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More Harassment Allegations Emerge At CBS


The board at CBS has a lot to fret about these days, with multiple sexual misconduct allegations and settlements involving top executives and stars. With all of this turmoil, even the future of CBS seems unsettled. There's talk of merger with another company. NPR's David Folkenflik has been covering the story for us and joins us now. David, thanks for being with us.


SIMON: Tell us about some of these latest developments at CBS, where, I should say up front, I'm a special contributor to "CBS Sunday Morning."

FOLKENFLIK: Where to start, Scott? I think first you've got to acknowledge The New York Times story, just this week, about a secret settlement between CBS network and the actress Eliza Dushku, who was - she had a part that was on several episodes of the hit series "Bull" on CBS, a primetime show. And she said that she complained about repeated remarks made by the star of the show, Michael Weatherly, that she felt, in a sense, violated. She brought it up, felt dismissed, and they phased her character out, even though they had planned a several-season arc for her. She received a $9.5 million payout that apparently would have been roughly equivalent to what she would have received had she stayed on the show for those years.

Most recently, the executive producer of the CBS News show, "CBS This Morning," Ryan Kadro, is out. He's going to leave the network as of next month. He had been executive producer when Charlie Rose was there, at least, for a stretch of when Charlie Rose was there as its star. There's just been a couple of settlements of suits that CBS has made of women who said they were harassed by Charlie Rose, the star of that show and "60 Minutes." And Kadro is on his way out. It may well be that his departure has something to do with those settlements, as well.

SIMON: And of course, this comes after the so many stories of misconduct by Les Moonves, former head of CBS, and moreover, his effort to hide those action with what amounts to bribes. What's CBS done about that?

FOLKENFLIK: Well, the question on its plate at the moment is whether or not it's supposed to pay the $120 million that it might appear that Les Moonves is due, as extraordinary as that figure is, for his service and for what his contract stipulates in departing from CBS as its chairman. He was forced out earlier this year. In fact, the very actions to - as investigators claim, the law firms doing this claim - to mislead, to deceive, to lie to the investigators and, in fact, to erase evidence may well be caused for the board to step in and to void or to diminish that payment. It would be quite an insult added to the injury that a number of women have said that Les Moonves did if he were to be paid off such a huge amount for being fired, effectively, as a result of the public awareness of what he had done to them.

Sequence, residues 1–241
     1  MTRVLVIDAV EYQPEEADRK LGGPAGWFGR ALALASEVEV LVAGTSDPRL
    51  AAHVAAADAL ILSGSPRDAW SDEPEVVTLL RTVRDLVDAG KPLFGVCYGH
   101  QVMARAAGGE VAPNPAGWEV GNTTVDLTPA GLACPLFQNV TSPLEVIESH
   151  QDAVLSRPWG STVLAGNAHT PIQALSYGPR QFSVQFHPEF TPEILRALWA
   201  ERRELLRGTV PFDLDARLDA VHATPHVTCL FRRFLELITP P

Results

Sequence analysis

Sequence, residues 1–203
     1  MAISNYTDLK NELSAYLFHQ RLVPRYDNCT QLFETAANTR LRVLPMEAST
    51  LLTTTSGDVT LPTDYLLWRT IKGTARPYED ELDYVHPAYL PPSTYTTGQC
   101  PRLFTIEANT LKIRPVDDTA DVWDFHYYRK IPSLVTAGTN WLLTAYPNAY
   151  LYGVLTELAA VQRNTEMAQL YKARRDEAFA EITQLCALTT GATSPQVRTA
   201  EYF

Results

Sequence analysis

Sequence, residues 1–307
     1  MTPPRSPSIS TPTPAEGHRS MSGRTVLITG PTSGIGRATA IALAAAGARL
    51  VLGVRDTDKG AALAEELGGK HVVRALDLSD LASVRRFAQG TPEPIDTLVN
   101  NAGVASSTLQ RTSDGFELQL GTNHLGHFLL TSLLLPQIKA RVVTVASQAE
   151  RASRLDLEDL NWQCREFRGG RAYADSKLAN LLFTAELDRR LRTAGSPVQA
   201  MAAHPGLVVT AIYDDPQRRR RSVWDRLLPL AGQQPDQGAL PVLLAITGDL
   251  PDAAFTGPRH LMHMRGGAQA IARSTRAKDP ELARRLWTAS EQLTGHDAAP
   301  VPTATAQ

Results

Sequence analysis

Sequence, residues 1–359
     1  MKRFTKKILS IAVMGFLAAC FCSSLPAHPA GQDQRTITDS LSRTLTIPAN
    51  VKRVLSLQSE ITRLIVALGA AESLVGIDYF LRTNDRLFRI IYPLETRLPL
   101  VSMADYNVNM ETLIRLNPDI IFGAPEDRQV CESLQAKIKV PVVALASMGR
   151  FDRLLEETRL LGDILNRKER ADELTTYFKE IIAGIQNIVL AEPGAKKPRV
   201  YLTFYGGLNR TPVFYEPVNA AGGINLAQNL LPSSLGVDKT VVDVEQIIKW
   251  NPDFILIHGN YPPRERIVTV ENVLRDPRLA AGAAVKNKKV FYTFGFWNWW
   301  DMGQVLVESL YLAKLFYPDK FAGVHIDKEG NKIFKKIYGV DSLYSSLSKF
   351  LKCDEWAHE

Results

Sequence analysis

SIMON: And, David, in your reporting, have you come across people who believe there's a climate at CBS - entertainment division and parts of the news division - that foster sexual harassment and maybe even sexual assault?

FOLKENFLIK: Well, you know, the most glaring example of this in many ways is Fox News under Roger Ailes. But this was very disturbing coming from the top. Les Moonves had been essentially running CBS for two decades. And if you look at what happened in the news division, as well - the fact that Jeff Fager, a former executive producer of "60 Minutes" and former chairman of CBS News, has been accused of sexual harassment and tolerating a culture at "60 Minutes" of that, the fact that it turned out his predecessor, Don Hewitt, according to revelations, had essentially sexually assaulted former subordinate and colleague female subordinate so severely that CBS ended up paying her what totaled up to $5 million over the years in payments that apparently have still been going on as recently as this year, it's hard not to think that there's a climate that is not only hostile to women, but hostile to the idea of accountability for this kind of behavior, at least until these revelations now.

SIMON: And there's a merger on the table?

FOLKENFLIK: It certainly looks likely. Shari Redstone is the controlling owner of both CBS and Viacom. She has wanted to merge these sister companies once more, reunify them. And the main obstacle in her way was Les Moonves and the corporate board at CBS that had been supporting him. That board has changed. The sympathies toward Moonves' position's changed, and Moonves is gone. So it would seem as though the stars are aligning for her to be able to get control of both companies and to ultimately bring them under the same umbrella.

SIMON: NPR's David Folkenflik. Thanks so much.

FOLKENFLIK: You bet. Transcript provided by NPR, Copyright NPR.

David Folkenflik was described by Geraldo Rivera of Fox News as "a really weak-kneed, backstabbing, sweaty-palmed reporter." Others have been kinder. The Columbia Journalism Review, for example, once gave him a "laurel" for reporting that immediately led the U.S. military to institute safety measures for journalists in Baghdad.